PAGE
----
I am now back from my holidays, and I am getting a chance to catch up on the blogosphere (yeah!). In Doug Karr’s entry today on his learnings from 2006, it was the little things that caught my eye. In particular, his entries on Starbucks (#75) and Verizon (#77) brought a giggle to my lips as well as agreement.
Both entries have to do with managing the details of the customer experience. When companies look at their operations from the internal perspective, they don’t see the hard chairs or the long lines that Doug mentioned. When companies put themselves in their customers’ shoes, they notice the small details that can make or break the experience. Before Christmas, I mentioned Best Buy bringing cookies around to customers in the store during the holidays. They put themselves in their customers’ shoes and recognized that they might be tired and hungry.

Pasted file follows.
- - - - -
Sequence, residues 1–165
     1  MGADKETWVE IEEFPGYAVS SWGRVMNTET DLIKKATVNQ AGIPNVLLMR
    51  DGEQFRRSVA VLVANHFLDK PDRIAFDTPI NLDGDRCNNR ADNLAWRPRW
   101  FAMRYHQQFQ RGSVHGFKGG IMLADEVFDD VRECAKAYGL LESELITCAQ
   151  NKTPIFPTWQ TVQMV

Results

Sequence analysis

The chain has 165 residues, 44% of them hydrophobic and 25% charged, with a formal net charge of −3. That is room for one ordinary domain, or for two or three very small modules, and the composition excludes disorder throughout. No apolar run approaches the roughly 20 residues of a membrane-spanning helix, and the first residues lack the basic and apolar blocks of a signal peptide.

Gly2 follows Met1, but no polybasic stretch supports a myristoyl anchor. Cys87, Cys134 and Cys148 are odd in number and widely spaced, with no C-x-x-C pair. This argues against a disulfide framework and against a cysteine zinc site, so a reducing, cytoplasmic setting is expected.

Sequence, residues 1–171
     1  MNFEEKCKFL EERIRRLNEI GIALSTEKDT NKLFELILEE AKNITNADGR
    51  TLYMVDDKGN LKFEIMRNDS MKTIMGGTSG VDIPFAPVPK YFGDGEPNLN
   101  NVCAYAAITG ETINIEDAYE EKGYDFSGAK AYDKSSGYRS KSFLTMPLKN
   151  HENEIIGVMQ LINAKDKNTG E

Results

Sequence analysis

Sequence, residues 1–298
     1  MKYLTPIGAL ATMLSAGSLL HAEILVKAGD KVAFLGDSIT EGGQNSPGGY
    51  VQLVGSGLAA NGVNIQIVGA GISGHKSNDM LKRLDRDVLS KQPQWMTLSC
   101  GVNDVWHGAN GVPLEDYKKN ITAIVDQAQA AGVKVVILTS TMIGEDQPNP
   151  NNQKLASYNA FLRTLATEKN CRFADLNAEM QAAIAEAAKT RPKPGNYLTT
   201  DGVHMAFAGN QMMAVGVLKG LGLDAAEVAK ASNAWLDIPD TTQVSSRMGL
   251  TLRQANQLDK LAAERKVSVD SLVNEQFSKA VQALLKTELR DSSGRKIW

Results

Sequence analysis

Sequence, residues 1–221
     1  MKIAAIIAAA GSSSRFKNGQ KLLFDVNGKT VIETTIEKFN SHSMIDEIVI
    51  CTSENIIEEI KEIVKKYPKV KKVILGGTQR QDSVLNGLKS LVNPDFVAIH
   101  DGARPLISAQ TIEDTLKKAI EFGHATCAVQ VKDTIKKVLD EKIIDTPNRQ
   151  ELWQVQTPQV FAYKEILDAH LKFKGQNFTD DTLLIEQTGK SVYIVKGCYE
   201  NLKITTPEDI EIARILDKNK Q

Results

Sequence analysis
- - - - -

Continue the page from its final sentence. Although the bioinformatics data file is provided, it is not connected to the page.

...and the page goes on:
Let’s look at a few examples of Customer Shoes, Company Shoes:
Customer Shoes: PG&E asking me if I want to get a call-back rather than wait on hold for 30+ minutes.
Company Shoes: Time Warner Cable keeping me on hold for 70 minutes so I can tell them I need to move my installation appointment.
Customer Shoes: Walking by any employee at my local Vons supermarket always elicits, “Are you finding everything you need?”
Company Shoes: Waiting for employees to stop talking to their friends and notice that I need help (pick almost any retail store with holiday help here).
One of the best things you can do as you enter the New Year is to walk in the shoes of your customer. What does it feel like? What works, and what doesn’t? Don’t mess with what works, and go fix what doesn’t!